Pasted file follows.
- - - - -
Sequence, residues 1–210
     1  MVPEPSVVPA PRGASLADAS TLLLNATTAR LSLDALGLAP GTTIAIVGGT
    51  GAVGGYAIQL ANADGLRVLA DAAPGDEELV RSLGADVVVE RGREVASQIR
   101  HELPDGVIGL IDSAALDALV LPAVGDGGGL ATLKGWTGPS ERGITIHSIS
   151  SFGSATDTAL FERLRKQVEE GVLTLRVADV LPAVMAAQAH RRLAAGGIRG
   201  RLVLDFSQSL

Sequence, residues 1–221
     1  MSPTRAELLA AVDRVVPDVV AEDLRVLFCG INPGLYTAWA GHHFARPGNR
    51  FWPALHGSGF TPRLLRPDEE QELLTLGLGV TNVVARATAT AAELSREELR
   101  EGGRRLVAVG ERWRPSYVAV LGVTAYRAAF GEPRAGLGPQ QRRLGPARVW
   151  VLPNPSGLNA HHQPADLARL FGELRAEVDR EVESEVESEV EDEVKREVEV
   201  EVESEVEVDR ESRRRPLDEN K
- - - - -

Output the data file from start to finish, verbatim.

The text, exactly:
Sequence, residues 1–210
     1  MVPEPSVVPA PRGASLADAS TLLLNATTAR LSLDALGLAP GTTIAIVGGT
    51  GAVGGYAIQL ANADGLRVLA DAAPGDEELV RSLGADVVVE RGREVASQIR
   101  HELPDGVIGL IDSAALDALV LPAVGDGGGL ATLKGWTGPS ERGITIHSIS
   151  SFGSATDTAL FERLRKQVEE GVLTLRVADV LPAVMAAQAH RRLAAGGIRG
   201  RLVLDFSQSL

Sequence, residues 1–221
     1  MSPTRAELLA AVDRVVPDVV AEDLRVLFCG INPGLYTAWA GHHFARPGNR
    51  FWPALHGSGF TPRLLRPDEE QELLTLGLGV TNVVARATAT AAELSREELR
   101  EGGRRLVAVG ERWRPSYVAV LGVTAYRAAF GEPRAGLGPQ QRRLGPARVW
   151  VLPNPSGLNA HHQPADLARL FGELRAEVDR EVESEVESEV EDEVKREVEV
   201  EVESEVEVDR ESRRRPLDEN K